Persecuting Judge Sharon Keller
Keller says case against her highlights injustice in system. No joke.
By Jordan Smith,
11:31AM, Wed. Jun. 9, 2010
Court of Criminal Appeals Judge Sharon Keller says the fact that she is still having to defend herself against the false allegation that she closed the court to a death row inmate on the day of his execution is an example of the "fundamental injustices" in the case against her, her lawyer wrote in a brief filed with the State Commission on Judicial Conduct.
Keller, presiding judge of the state's highest criminal court, was tried on ethics charges last summer in connection with the execution of Michael Richard in September 2007 – including that she failed to do her job and that she'd brought discredit to the judiciary by blocking the Texas Defender Service's ability to file a final appeal for Richard on Sept. 25, 2007. The lawyers were having computer problems that afternoon and wanted permission to file the appeal late, a TDS employee told the court's then-general counsel, Ed Marty. When Marty called Keller to ask if the court would remain open to accept the late filing, Keller infamously replied that the court closes at 5pm. Keller has said that she meant the clerk's office closes at 5pm and that didn't bar Richard's lawyers from filing the appeal with one of the court's nine judges. Asked at her trial whether she would do anything different if confronted with the same situation again, Keller said no.
Judge David Berchelmann, who was appointed special master to hear the case against Keller last summer, concluded that position was ridiculous; nonetheless, he cleared Keller of any fault in the situation and concluded that she needed no more punishment, "beyond the public humiliation" she had already suffered.
The attorneys prosecuting the case disagreed with Berchelmann's findings earlier this year, and the SCJC has since said that it would hear arguments from both sides during a hearing on June 18, before determining whether Keller should face any discipline.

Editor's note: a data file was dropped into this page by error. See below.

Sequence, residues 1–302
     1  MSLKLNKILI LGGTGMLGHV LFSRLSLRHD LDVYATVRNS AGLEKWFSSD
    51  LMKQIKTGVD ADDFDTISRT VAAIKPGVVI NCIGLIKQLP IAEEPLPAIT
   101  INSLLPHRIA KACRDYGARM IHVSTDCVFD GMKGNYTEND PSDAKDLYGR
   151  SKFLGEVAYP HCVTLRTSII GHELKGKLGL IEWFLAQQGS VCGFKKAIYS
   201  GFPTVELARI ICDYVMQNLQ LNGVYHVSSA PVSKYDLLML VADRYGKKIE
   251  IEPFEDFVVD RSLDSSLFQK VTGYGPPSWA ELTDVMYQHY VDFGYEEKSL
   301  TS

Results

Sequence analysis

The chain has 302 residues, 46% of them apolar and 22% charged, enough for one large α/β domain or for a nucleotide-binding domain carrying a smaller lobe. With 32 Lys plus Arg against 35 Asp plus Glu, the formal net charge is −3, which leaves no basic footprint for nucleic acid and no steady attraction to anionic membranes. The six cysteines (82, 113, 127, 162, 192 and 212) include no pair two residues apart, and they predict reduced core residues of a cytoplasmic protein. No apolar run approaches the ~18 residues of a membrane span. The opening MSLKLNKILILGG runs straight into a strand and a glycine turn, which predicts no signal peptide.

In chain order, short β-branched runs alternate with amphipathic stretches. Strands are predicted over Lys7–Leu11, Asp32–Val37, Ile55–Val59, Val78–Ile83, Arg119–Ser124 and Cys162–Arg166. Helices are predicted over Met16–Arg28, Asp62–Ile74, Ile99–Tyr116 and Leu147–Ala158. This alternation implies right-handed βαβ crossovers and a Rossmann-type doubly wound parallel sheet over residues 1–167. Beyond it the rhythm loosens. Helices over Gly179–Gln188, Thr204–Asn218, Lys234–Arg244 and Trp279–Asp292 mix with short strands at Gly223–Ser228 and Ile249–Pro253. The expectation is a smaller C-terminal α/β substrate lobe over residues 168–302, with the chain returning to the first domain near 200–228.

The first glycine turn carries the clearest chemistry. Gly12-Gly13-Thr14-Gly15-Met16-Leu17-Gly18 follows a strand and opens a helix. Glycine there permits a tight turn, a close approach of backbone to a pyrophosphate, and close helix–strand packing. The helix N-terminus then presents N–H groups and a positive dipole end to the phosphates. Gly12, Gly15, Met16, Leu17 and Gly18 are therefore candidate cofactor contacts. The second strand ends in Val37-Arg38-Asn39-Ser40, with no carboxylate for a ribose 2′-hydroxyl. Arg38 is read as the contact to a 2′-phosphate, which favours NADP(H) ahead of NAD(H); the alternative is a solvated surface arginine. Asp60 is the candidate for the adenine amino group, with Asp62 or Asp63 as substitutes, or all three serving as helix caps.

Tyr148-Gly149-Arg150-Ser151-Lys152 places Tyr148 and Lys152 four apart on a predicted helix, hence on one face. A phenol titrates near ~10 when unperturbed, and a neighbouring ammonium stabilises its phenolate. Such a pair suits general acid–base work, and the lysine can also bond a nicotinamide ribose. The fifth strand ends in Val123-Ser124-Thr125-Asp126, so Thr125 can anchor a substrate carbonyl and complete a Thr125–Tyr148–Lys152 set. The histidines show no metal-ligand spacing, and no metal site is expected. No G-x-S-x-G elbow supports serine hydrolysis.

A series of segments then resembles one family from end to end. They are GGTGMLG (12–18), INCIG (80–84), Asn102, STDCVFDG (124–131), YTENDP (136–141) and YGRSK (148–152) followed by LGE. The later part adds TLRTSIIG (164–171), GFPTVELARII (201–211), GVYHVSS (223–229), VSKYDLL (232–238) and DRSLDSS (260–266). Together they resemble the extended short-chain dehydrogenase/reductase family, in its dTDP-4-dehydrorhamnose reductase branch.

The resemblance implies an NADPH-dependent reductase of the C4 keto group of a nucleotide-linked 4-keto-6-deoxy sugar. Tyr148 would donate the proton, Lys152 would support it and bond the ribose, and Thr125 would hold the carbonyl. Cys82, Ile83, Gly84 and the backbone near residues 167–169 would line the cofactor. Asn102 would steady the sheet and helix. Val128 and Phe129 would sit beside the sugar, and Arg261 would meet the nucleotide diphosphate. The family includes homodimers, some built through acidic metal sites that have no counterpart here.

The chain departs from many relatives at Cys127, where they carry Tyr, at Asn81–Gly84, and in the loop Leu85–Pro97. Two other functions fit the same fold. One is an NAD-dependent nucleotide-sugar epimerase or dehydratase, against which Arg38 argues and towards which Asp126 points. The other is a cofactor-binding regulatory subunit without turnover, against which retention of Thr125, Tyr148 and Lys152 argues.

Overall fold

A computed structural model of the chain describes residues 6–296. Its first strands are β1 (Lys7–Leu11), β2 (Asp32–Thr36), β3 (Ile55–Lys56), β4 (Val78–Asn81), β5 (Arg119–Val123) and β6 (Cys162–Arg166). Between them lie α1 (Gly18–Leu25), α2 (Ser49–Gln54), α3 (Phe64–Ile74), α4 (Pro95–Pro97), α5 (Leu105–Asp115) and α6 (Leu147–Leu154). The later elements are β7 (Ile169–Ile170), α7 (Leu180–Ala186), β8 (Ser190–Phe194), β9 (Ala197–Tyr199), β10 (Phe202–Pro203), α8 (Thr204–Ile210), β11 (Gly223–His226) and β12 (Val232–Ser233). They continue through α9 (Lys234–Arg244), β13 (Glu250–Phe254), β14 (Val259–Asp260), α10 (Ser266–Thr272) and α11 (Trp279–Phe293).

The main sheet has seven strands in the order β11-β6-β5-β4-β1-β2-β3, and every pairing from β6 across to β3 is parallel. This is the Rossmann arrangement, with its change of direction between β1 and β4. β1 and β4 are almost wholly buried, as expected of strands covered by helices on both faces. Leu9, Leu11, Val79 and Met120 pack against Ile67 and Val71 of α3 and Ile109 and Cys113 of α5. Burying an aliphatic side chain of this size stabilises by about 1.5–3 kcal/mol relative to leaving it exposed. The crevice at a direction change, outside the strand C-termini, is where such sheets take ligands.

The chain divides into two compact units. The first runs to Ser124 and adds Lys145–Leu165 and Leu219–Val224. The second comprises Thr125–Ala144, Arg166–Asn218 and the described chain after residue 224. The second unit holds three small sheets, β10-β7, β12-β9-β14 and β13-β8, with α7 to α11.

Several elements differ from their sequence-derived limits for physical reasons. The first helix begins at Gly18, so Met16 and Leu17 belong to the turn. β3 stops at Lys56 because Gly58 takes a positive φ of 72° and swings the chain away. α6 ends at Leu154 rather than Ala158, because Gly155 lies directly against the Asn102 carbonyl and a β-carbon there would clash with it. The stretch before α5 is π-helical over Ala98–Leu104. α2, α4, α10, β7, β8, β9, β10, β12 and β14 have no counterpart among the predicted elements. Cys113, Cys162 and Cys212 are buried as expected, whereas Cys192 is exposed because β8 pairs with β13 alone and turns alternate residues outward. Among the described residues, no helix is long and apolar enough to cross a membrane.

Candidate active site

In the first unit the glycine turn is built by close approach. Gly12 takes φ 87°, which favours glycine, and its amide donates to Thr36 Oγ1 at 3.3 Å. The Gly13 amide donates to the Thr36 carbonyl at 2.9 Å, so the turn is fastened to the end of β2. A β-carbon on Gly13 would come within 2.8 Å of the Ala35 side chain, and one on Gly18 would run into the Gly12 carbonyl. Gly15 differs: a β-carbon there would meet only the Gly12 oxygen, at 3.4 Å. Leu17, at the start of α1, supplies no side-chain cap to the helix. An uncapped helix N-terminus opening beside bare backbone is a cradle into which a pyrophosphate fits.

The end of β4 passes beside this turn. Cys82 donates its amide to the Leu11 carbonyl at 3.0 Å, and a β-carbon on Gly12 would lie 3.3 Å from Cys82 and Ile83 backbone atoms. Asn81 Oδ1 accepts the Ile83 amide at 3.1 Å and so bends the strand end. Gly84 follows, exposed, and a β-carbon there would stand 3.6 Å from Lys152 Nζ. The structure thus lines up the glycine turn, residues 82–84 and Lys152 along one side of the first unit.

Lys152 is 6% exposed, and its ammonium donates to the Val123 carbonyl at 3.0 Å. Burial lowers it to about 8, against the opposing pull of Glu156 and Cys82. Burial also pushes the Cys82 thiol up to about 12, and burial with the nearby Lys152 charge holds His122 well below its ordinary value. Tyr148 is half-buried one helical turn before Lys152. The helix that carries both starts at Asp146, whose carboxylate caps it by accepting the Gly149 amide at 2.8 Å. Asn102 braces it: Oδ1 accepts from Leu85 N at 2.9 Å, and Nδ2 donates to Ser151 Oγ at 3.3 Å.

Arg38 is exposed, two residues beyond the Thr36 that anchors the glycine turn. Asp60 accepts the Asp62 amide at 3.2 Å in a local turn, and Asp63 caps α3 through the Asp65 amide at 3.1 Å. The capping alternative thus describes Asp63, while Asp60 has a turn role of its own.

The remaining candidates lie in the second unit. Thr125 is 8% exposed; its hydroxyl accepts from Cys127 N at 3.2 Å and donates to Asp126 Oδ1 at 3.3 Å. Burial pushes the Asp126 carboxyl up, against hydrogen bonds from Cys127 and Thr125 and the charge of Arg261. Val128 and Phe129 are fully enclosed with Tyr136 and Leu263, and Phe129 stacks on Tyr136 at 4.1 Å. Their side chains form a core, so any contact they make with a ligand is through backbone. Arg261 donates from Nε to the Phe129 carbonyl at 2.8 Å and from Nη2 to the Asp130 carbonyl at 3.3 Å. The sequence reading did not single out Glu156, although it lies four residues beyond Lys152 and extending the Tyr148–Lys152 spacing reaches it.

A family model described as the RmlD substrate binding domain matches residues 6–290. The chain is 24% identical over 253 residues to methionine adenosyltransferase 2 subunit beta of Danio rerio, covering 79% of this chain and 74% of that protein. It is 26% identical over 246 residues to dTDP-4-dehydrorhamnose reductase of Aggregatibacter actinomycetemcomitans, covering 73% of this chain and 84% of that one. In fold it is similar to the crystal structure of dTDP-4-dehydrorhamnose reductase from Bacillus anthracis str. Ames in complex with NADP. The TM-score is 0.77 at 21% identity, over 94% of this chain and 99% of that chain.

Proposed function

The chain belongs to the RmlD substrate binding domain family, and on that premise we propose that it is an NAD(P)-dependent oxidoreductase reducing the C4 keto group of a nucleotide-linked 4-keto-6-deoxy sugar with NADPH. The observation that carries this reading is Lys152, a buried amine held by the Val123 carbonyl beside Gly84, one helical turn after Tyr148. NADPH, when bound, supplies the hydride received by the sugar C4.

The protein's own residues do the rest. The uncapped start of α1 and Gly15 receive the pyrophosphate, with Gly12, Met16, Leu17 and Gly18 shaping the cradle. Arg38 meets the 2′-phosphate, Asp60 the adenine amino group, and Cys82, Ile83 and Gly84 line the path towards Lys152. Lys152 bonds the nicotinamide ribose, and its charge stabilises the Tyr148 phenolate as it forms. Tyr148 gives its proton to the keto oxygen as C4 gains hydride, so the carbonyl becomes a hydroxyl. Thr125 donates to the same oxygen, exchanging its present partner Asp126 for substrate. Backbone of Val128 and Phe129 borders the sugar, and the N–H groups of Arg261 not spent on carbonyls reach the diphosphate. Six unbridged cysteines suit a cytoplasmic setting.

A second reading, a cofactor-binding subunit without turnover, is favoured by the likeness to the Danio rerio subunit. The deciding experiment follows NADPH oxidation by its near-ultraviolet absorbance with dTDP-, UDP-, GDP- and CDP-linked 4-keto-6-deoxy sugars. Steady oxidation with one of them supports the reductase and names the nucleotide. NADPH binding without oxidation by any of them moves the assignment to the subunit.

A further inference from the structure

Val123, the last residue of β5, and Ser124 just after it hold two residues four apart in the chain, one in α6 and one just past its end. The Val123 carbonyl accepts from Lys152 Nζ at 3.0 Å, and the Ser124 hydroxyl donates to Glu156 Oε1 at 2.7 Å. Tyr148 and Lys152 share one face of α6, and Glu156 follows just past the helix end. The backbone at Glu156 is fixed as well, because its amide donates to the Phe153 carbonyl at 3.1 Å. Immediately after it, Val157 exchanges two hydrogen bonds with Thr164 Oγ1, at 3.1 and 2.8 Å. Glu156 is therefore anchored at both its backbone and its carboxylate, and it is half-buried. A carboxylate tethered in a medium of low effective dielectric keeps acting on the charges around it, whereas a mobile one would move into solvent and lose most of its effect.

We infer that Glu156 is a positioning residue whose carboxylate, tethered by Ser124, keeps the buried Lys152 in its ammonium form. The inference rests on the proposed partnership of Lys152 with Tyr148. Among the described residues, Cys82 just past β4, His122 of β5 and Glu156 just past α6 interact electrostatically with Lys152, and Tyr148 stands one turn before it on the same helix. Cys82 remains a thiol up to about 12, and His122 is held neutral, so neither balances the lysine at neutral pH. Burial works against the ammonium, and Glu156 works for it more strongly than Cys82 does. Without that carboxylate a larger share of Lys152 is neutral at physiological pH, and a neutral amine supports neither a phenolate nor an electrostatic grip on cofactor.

In advance of that hearing, Keller's attorney last week filed a rebuttal to the prosecutors' objections to Berchelmann's findings, opining that the charges against Keller were mere "fiction" created by the TDS lawyers in order to deflect attention from the missteps they made on the day Richard was executed. Berchelmann has already concluded that Keller did not "break any rule, law, or canon of conduct" and, as such, continuing the proceedings "would needlessly violate Judge Keller's rights," reads the brief.
According to Keller, the accusation that she closed the courthouse doors were essentially fabricated by TDS lawyer David Dow and colleagues and carried forward by lawyers representing the SCJC at the hearing before Berchelmann last year. "This course of events would not seem out of place in the old Soviet bloc, where show trials were not really trials, but were degredation ceremonies staged to depose officials who deviated from party doctrine," reads Keller's latest brief. "Things should be different in this country."
(Keller's brief was posted online yesterday by Mary Alice Robbins of Texas Lawyer along with a really good summary article about the case. You can find that here.)
But the bombast doesn't stop there – hells no! Keller goes on to charge that the real motivation behind her persecution is a fundamental disagreement that TDS has with Keller's views on the death penalty. The objections of the SCJC's lawyers "amount to nothing more than an attempt to re-write history simply because" the lawyers don't "like 'Judge Keller's attitude'" and disagree with "Judge Keller's 'viewpoint' about the death penalty," Keller's brief reads. "Judge Keller is not – or at least should not be – on trial because of her beliefs, but because the [lawyers] charged her with denying Mr. Richard access to the CCA on the evening of his execution." Indeed, though for many CCA watchers it might be difficult to separate Keller's feelings about the death penalty from the way she presents in court – need we bring up Keller's amazing performance in the Roy Criner case, on stage for all to see in the infamous Frontline interview? And that's just one example. (There are plenty of other examples out there – just a few can be found here.)
Considering that impartial attitude is one of the canons of judicial ethics, it's not surprising that Keller's opinions about capital punishment have made many attorneys scratch their chins in wonder at some of the opinions Keller has expressed over the years, while sitting on the state's highest criminal bench. (Full list of canons is here.)
Regardless, it seems quite unlikely that the SCJC will derail the Keller hearing process that is already in motion. Indeed, Keller is slated to have her day in court before the Commission next Friday, June 18, beginning at 9a in the John H. Reagan State Office Building.